So many interactions and posts were and still are being ruled by fear and distrust and the social pressure on teachers and organisers these past weeks was immense. Anyone who held a milonga or taught a class was accused of jeopardising the public well-fare, independent of the individual circumstances. People seemed to be giving all the responsibility to organisers and teachers instead of believing in the sensible behaviour of others. Names of infected persons were openly circulated in Facebook-posts and organisers of past tango-events connected to corona-incidents were being dissed without knowing all facts. All of a sudden, everybody was an expert and tried to regulate the lives of others. My life! As if the regulations and measures by the governments as well as the media were not already draining all my energy and disturbing my sleep! As if I was not aware of the situation myself! As if I was not spending most of my days reading the sites of the WHO, the RKI and the John Hopkins institute! It has now gotten a bit better and people are talking about ways of helping organisers and teachers, but this feels a bit weird after being scared into immobility.
As a psychologist and person, I find all that very worrying. It reminds me of the AIDS panic and its impact on society in the 80s.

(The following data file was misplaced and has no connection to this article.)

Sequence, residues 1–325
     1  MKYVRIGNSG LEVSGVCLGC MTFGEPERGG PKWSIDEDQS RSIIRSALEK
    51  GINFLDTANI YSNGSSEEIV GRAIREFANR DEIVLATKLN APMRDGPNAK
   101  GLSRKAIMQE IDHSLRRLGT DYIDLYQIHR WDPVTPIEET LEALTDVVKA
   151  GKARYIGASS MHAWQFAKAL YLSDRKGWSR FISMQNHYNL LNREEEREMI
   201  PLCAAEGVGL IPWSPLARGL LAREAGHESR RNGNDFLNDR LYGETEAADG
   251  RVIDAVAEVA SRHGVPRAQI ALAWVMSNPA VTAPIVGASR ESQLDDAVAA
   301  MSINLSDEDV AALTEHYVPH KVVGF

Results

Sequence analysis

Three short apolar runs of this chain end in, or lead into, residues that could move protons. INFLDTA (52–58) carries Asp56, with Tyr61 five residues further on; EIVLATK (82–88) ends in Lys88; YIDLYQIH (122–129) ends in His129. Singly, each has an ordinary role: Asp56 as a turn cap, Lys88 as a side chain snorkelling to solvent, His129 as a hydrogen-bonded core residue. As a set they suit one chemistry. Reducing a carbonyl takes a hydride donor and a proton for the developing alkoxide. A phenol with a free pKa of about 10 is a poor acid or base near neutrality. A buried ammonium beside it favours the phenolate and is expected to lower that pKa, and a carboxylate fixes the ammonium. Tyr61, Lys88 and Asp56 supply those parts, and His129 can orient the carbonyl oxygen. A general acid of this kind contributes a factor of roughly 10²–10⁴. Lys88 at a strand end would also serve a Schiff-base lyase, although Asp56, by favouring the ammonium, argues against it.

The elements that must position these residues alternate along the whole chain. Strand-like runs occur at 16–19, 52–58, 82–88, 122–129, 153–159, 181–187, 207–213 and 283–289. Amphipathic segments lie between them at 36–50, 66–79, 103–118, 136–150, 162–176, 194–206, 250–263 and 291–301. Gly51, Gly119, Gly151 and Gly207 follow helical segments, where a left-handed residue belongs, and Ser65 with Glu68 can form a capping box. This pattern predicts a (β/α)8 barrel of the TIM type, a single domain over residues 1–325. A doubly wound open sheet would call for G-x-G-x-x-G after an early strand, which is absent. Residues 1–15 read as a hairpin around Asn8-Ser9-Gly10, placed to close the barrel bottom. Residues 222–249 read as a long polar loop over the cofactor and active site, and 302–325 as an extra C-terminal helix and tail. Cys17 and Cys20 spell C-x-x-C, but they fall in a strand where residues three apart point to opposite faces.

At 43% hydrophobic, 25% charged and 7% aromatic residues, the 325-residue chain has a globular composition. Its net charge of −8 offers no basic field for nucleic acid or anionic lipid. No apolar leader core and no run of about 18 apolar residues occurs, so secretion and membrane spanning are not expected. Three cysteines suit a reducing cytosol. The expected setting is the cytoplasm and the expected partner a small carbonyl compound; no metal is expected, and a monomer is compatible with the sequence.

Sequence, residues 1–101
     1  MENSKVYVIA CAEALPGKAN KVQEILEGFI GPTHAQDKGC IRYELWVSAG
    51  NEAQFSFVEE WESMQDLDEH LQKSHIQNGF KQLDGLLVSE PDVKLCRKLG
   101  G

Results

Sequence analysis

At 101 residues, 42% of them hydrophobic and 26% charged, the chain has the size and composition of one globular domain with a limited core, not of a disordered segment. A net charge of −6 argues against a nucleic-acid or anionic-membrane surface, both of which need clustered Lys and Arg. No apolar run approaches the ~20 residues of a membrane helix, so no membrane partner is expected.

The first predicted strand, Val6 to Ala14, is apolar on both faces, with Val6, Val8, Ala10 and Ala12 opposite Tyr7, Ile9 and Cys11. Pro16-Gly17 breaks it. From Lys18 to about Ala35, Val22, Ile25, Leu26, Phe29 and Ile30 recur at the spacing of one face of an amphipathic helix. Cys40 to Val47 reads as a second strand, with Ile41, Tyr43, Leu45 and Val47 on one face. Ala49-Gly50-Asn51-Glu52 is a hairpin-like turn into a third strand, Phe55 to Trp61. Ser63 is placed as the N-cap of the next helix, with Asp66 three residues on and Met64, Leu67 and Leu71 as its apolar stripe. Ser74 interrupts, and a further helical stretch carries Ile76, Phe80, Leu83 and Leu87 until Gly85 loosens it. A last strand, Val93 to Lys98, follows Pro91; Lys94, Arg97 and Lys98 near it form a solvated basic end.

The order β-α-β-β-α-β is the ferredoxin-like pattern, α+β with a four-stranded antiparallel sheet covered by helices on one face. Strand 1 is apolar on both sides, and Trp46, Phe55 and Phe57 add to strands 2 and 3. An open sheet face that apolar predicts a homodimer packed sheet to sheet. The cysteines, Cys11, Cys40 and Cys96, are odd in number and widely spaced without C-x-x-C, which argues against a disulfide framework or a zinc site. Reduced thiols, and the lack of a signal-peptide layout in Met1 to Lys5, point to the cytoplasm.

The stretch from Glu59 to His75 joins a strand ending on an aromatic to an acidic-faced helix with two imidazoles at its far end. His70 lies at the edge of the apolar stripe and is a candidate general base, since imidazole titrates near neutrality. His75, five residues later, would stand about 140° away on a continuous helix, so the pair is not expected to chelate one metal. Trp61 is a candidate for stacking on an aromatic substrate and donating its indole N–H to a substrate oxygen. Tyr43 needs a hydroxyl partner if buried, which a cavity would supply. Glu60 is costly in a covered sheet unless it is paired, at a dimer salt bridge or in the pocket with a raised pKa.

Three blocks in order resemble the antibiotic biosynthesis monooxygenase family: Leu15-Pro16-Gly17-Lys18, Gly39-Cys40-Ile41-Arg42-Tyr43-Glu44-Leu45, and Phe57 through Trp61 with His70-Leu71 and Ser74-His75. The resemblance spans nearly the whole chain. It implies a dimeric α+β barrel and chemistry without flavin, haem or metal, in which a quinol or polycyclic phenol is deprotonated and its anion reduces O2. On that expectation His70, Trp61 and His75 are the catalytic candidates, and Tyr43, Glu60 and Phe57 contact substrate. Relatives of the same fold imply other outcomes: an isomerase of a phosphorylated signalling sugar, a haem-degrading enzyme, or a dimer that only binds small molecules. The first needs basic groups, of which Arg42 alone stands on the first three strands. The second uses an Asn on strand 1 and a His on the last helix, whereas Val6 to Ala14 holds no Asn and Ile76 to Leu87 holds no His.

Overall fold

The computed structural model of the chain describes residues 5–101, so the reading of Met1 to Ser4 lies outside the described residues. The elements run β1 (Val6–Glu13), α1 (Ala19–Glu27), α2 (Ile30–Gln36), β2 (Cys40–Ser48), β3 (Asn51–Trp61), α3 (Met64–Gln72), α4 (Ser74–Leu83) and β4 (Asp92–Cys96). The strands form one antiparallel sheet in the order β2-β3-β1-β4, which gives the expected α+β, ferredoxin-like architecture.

That's not good!
Because this tango community will not only suffer from illness caused by a virus. It will also be harmed by how we interact with each other. What do you think will happen when not only all tango activities are suspended over a long period, but tangueros continue behaving in hurtful and often irrational ways? Sure, many dedicated dancers are counting the days until they can go to the next encuentro or marathon. But do you really think, that things will just resume, where they were left off? I am not so convinced. 
This is what I worry about:
  • Many not (yet) being infected with the tango-virus will disappear and take on other activities. That concerns in particular newbies whom we and others have lovingly groomed into becoming tangueros. Without these dancers, tango schools will have to close and the communities (already deprived of advanced dancers by the international events) shrink.
  • Organisers who do not only have to cancel their events, but also refund payments will make losses because of the obligations towards venue, artists and other parties. People thus affected might not continue organising events - which is already a high-risk/little-income activity. (Ok, let's be honest: less encuentros or marathons would actually not be such a bad thing, but not at the expense of motivated individuals.)